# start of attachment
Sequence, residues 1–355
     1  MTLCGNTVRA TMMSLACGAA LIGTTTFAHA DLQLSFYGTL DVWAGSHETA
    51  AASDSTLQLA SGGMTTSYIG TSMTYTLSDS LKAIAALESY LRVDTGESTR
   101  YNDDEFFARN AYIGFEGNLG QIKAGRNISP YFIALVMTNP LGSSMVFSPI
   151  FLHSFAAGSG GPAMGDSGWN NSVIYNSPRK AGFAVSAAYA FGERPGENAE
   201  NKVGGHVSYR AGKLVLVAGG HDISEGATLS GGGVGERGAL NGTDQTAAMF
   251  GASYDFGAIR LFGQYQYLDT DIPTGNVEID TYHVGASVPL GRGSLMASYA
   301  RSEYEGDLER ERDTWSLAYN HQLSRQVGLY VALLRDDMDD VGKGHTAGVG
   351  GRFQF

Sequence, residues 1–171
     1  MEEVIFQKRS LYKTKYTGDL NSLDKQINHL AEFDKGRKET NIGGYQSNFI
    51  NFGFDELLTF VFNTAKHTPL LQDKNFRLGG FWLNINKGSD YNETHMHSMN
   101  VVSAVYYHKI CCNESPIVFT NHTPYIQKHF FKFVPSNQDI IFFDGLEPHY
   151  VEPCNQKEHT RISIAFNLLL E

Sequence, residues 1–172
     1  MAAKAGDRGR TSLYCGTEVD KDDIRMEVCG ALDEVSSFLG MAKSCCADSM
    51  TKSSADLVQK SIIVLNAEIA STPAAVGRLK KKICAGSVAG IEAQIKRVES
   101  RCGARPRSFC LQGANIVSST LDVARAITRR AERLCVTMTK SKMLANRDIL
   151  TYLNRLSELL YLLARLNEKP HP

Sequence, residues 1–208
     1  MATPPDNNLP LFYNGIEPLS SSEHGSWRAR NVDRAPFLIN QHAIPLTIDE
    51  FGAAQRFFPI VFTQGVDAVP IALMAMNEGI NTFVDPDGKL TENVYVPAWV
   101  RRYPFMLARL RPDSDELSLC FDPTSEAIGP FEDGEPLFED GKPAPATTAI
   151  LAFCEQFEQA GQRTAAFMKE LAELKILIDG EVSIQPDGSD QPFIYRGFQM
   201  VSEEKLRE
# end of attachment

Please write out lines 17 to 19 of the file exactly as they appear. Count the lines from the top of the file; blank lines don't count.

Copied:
    51  TKSSADLVQK SIIVLNAEIA STPAAVGRLK KKICAGSVAG IEAQIKRVES
   101  RCGARPRSFC LQGANIVSST LDVARAITRR AERLCVTMTK SKMLANRDIL
   151  TYLNRLSELL YLLARLNEKP HP